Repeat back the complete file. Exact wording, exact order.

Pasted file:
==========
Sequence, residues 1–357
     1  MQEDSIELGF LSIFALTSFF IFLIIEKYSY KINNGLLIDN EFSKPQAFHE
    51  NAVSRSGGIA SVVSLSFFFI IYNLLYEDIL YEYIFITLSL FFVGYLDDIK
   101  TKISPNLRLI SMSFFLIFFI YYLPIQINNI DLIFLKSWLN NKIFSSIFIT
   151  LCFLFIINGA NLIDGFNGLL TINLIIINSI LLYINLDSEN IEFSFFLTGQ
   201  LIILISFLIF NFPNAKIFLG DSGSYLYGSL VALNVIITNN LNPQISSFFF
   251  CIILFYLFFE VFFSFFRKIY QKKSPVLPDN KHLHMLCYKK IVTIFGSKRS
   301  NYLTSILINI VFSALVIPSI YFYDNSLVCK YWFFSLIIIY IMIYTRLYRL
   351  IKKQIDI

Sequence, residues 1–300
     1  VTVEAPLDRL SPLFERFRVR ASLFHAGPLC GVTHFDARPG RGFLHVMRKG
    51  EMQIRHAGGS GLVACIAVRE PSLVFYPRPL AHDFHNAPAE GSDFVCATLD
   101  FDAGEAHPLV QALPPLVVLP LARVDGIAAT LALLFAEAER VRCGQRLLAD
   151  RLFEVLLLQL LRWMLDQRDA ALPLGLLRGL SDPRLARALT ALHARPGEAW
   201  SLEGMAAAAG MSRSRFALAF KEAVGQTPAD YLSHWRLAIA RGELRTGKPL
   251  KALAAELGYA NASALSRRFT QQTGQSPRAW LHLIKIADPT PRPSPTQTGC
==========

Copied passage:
Sequence, residues 1–357
     1  MQEDSIELGF LSIFALTSFF IFLIIEKYSY KINNGLLIDN EFSKPQAFHE
    51  NAVSRSGGIA SVVSLSFFFI IYNLLYEDIL YEYIFITLSL FFVGYLDDIK
   101  TKISPNLRLI SMSFFLIFFI YYLPIQINNI DLIFLKSWLN NKIFSSIFIT
   151  LCFLFIINGA NLIDGFNGLL TINLIIINSI LLYINLDSEN IEFSFFLTGQ
   201  LIILISFLIF NFPNAKIFLG DSGSYLYGSL VALNVIITNN LNPQISSFFF
   251  CIILFYLFFE VFFSFFRKIY QKKSPVLPDN KHLHMLCYKK IVTIFGSKRS
   301  NYLTSILINI VFSALVIPSI YFYDNSLVCK YWFFSLIIIY IMIYTRLYRL
   351  IKKQIDI

Sequence, residues 1–300
     1  VTVEAPLDRL SPLFERFRVR ASLFHAGPLC GVTHFDARPG RGFLHVMRKG
    51  EMQIRHAGGS GLVACIAVRE PSLVFYPRPL AHDFHNAPAE GSDFVCATLD
   101  FDAGEAHPLV QALPPLVVLP LARVDGIAAT LALLFAEAER VRCGQRLLAD
   151  RLFEVLLLQL LRWMLDQRDA ALPLGLLRGL SDPRLARALT ALHARPGEAW
   201  SLEGMAAAAG MSRSRFALAF KEAVGQTPAD YLSHWRLAIA RGELRTGKPL
   251  KALAAELGYA NASALSRRFT QQTGQSPRAW LHLIKIADPT PRPSPTQTGC